* * *

Gimli and the Glittering Caves of Aglarond! (Which would be a good rock band name if it weren’t difficult to spell.) I love this section, the vividness of his descriptions and his passion and the beauty it evokes and, now, his many sides as a person. If I started quoting I’d end up pasting the whole section in, and I still have a lot of quoting to do, so I’ll just leave it as: I love this section.

* * *

Théoden has a conversation with Gandalf after seeing the Ents that strike me as very representative of LotR as a whole. Gandalf says,

‘ . . . to them you are but the passing tale; all the years from Eorl the Young to Théoden the Old are of little count to them; and all the deeds of your house but a small matter.’

The king was silent. ‘Ents!’ he said at length. ‘Out of the shadows of legend I begin a little to understand the marvel of the trees, I think. I have lived to see strange days. Long we have tended our beasts and our fields, built our houses, wrought our tools, or ridden away to help in the wars of Minas Tirith. And that we called the life of Men, the way of the world. We cared little for what lay beyond the borders of our land. Songs we have that tell of these things, but we are forgetting them, teaching them only to children, as a careless custom. And now the songs have come down among us out of strange places, and walk visible under the Sun.’

‘You should be glad, Théoden King,’ said Gandalf. ‘For not only the little life of Men is now endangered, but the life also of those things which you have deemed the matter of legend. You are not without allies, even if you know them not.’

‘Yet also I should be sad,’ said Théoden. ‘For however the fortune of war shall go, may it not so end that much that was fair and wonderful shall pass for ever out of Middle-earth?’

‘It may,’ said Gandalf. ‘The evil of Sauron cannot be wholly cured, nor made as if it had not been. But to such days we are doomed. Let us now go on with the journey we have begun!’

Let’s count the ways: (1) history’s scope is vast; (2) the past affects the present; (3) insularity is bad; (4) evil endangers us all; (5) we live in a fallen world; (6) but we still have to do the best we can. Did I miss anything?

* * *

What do you think the Huorns did to the Orcs? I always assumed they ate them—well, okay, maybe not digested, but at least smushed under their roots.

* * *

Much description of Isengard, which does note that the valley contained “acres tilled by the slaves of Saruman,” for those interested in where the food comes from. What I like best about it is the comment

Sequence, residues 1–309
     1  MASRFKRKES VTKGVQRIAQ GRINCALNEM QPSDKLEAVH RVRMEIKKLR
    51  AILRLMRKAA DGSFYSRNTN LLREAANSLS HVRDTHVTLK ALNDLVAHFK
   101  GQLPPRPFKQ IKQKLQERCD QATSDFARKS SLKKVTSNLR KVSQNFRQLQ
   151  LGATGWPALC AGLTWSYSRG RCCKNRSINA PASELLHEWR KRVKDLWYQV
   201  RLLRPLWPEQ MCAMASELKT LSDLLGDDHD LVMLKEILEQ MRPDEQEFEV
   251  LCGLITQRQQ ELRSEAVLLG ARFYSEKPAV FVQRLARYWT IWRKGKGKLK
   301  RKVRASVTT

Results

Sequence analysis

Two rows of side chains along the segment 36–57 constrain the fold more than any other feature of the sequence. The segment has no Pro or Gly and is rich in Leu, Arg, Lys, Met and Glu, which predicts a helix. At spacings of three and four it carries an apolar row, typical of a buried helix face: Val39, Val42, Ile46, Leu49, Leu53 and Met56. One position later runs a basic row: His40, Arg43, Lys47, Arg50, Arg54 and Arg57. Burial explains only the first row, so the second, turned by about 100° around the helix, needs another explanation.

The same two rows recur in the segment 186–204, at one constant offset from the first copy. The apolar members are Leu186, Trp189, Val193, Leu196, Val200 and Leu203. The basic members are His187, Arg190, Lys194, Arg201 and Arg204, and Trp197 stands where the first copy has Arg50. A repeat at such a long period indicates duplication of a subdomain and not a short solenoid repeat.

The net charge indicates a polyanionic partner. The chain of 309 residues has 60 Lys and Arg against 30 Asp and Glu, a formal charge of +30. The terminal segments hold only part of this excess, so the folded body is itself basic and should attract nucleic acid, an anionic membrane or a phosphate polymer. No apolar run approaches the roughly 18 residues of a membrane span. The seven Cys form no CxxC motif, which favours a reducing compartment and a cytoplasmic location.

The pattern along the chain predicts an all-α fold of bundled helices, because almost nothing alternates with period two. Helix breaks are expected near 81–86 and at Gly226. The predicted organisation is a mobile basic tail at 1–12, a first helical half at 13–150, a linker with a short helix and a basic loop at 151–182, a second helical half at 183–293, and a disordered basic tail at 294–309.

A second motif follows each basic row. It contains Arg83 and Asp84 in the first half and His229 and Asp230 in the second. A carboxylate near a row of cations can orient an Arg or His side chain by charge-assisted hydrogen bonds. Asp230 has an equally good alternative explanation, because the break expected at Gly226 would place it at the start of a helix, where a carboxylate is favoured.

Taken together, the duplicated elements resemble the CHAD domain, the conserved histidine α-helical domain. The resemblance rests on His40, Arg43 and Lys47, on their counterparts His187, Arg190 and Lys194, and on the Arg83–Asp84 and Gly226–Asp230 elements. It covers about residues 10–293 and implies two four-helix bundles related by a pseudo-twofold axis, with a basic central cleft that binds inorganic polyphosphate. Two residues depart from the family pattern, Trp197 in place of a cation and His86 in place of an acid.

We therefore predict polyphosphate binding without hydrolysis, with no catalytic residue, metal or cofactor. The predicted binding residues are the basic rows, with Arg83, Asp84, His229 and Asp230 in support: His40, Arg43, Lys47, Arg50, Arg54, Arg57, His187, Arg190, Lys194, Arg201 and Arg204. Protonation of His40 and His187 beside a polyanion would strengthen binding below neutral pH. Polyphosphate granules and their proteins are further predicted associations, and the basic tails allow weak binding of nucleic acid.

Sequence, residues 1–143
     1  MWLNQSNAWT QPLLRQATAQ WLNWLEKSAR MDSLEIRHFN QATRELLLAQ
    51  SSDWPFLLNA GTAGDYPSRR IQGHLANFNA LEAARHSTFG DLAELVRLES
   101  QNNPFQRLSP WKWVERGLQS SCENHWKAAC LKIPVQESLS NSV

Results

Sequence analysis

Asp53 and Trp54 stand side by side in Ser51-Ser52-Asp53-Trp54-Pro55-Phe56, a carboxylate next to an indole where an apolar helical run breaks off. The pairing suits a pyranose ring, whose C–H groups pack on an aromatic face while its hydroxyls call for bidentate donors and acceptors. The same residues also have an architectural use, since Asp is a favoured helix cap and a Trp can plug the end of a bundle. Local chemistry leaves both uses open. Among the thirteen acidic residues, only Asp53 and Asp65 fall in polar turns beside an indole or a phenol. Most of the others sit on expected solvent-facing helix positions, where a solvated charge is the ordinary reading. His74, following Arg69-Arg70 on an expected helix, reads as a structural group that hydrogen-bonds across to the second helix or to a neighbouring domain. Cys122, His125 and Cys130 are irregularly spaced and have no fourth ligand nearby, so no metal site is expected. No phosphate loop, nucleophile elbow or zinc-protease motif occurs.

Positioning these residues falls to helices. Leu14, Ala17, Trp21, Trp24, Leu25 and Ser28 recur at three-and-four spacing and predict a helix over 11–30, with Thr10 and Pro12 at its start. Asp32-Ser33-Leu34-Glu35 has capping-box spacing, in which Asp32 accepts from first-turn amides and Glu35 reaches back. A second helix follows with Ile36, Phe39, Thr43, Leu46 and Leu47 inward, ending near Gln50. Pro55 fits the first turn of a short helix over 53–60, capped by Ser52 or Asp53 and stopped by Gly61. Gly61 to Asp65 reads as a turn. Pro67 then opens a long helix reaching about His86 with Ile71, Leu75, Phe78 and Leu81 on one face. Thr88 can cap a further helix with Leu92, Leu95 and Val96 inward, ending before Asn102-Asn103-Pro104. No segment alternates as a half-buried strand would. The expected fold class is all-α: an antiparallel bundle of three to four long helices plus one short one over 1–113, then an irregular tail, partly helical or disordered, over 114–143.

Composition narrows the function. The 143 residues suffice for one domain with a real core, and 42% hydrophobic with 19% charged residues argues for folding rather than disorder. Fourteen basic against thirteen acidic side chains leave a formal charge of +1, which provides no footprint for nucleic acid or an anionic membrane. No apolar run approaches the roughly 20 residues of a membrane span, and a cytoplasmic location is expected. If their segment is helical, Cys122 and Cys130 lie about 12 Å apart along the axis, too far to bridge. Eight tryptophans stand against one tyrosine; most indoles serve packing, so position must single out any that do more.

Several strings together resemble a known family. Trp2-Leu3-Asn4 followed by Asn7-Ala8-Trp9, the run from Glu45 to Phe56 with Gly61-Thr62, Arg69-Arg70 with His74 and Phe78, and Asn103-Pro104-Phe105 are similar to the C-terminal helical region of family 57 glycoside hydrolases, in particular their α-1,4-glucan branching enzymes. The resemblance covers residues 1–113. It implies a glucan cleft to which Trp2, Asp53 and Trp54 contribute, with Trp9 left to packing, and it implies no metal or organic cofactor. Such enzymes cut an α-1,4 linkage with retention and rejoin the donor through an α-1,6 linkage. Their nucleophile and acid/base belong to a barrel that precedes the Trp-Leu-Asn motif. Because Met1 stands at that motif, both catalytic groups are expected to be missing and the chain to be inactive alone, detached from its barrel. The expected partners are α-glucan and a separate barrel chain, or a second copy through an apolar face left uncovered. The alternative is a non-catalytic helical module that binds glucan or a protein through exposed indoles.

what he [Saruman] made was naught, only a little copy, a child’s model or a slave’s flattery, of that vast fortress, armoury, prison, furnace of great power, Barad-dûr, the Dark Tower, which suffered no rival, and laughed at flattery, biding its time, secure in its pride and its immeasurable strength.

Something about the imagery and rhythm gives me a little shiver.

* * *

Finally, language. People often say that they have a hard time with the more formal dialogue in LotR. I didn’t use to notice it, but at the start of this chapter, for instance, I found myself really noticing the contrast between Gimli’s relative informality, for instance, and Théoden and Éomer’s exchange (“Welcome, Éomer, sister-son! Now that I see you safe, I am glad indeed.” “Hail, Lord of the Mark! The dark night has passed, and day has come again.”). On the other hand, I think that Merry and Pippin’s meeting with Théoden is pushing that contrast too hard in the other direction. I find it hard to believe that Merry, who is the practical sensible one, would be so completely oblivious to wider social dynamics as to really think it a good idea to give a long disquisition on the history of pipe-weed to Théoden King. (But I don’t have trouble believing Pippin would call Théoden “a fine old fellow” in an undertone.)

More hobbits next time, yay.

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Kate Nepveu is, among other things, an appellate lawyer, a spouse and parent, and a woman of Asian ancestry. She also writes at her LiveJournal and booklog.